Remarks by Angel Gurría
4 December 2018 - Paris, France
(as prepared for delivery)
Ladies and Gentlemen,
It is a pleasure to be here today to launch the 2018 edition of the OECD Pensions Outlook. I am happy to see my good friends Nicolas Monckeberg, Minister of Labour of Chile and Preston Rutledge, US Assistant Secretary of Labor, along with many other friends and experts on this important issue.
Like much of our work, this report is the result of a collaborative effort across the OECD, in this case between the pension units in the Directorate for Financial and Enterprise Affairs and the Directorate for Employment, Labour and Social Affairs.
It is also the result of the collaboration between the OECD Secretariat and delegates to the OECD Working Party on Private Pensions; the ultimate outcome has benefited enormously from the inputs of the delegates, many of whom are here today.
The Pensions Outlook also owes a lot to the financial support from and collaboration with the European Commission, Principal International and the Government of Chile.
The Outlook’s main theme is that the reforms introduced in pension systems during the last decade have made them stronger and better placed to deliver pensions. People working today can have greater assurance than before that they will get their pensions.
These reforms have also made pension systems better able to deliver pensions in line with what people expect and need. However, in this respect there is still more work to do, and you can count on the OECD to contribute to the further improvement of pension systems in the years to come.
Let me briefly share with you some of the main messages coming out of the individual chapters of this Pensions Outlook.
The first chapter focuses on designing funded pensions.
It assesses how different pension arrangements (PAYG and funded, private and public) can be combined, taking into account various policy objectives and risks involved in saving for retirement.
Objectives include redistribution, sustainability, adequacy, and consumption smoothing, while risks may be demographic, macroeconomic and financial, among others.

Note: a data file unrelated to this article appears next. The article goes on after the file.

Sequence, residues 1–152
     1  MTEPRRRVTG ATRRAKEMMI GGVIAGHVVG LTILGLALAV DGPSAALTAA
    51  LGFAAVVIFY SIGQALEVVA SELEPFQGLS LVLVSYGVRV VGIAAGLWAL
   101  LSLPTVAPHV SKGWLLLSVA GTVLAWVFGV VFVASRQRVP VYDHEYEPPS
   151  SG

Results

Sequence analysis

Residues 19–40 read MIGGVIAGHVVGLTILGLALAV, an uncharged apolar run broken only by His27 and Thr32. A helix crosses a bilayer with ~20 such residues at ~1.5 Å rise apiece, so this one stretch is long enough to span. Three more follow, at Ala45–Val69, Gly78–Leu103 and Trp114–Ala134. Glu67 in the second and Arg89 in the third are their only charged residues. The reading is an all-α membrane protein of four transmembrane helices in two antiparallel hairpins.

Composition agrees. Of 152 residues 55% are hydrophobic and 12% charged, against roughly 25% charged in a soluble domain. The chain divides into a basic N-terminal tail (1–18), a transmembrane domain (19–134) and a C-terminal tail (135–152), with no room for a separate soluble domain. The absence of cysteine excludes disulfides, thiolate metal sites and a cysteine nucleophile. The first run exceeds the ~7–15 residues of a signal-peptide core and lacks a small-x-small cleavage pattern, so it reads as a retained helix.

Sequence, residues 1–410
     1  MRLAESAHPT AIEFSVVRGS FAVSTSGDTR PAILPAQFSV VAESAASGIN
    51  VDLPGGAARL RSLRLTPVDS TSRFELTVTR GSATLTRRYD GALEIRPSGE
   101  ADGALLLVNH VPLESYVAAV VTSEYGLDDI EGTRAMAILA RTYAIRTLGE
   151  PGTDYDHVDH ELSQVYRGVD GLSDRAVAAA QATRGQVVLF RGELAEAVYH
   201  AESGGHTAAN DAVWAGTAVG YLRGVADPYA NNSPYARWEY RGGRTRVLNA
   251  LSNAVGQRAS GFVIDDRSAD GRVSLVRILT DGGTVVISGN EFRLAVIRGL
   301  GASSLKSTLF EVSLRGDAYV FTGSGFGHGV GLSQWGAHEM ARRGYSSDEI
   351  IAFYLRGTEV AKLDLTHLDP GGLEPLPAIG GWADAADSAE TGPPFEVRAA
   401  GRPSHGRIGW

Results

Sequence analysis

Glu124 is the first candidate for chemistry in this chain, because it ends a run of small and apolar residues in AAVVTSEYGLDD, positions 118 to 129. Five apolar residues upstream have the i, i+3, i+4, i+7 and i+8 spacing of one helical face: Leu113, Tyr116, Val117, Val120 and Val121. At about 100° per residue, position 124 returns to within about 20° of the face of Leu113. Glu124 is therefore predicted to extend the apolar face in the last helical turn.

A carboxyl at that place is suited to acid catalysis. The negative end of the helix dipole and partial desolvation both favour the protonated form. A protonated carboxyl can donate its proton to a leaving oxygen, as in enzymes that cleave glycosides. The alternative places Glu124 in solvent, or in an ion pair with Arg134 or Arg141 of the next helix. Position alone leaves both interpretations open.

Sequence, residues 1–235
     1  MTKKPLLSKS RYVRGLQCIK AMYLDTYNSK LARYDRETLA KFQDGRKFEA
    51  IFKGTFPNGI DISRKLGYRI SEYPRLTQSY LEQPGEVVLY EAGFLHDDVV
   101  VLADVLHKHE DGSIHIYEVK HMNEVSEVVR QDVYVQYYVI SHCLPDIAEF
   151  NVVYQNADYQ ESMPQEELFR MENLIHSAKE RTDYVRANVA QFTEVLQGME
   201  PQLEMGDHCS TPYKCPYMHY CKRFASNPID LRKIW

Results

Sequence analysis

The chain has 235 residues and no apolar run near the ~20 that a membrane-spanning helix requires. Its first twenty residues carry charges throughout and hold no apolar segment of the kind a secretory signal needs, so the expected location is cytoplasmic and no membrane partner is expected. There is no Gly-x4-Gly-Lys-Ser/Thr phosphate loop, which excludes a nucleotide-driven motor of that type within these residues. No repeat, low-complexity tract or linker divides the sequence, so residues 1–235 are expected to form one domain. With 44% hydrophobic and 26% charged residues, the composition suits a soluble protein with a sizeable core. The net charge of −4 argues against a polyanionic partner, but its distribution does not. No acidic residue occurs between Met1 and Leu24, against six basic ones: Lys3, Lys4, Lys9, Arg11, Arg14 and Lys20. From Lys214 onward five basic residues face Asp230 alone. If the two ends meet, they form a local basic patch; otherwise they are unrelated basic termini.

Different countries have different mixes between pay-as-you-go and funded as well as between public and private provision, depending on their objectives and their assessment of the risks.
Most countries follow the OECD recommendation of diversifying sources to finance retirement and designing funded arrangements to complement pay-as-you-go public pensions.
The chapter suggests introducing funded arrangements gradually when diversifying pension systems, especially when contributions are diverted from an existing pay-as-you-go system, as the transition may put an additional strain on public finances and increase risks for individuals.
The second chapter looks at how countries can improve the design of financial incentives.
It shows that such incentives can promote saving for retirement by providing an overall tax advantage to individuals through a reduction in total lifetime tax paid, although this has a fiscal cost. Good design is therefore crucial.
In this context, the chapter argues that tax incentives should be straightforward, stable and consistent across retirement savings plans.
When designing financial incentives, policymakers should consider the retirement saving needs and capacities of all income groups and should provide for tax neutrality between consumption and saving: that is, the choice of consuming today or consuming tomorrow should be unaffected.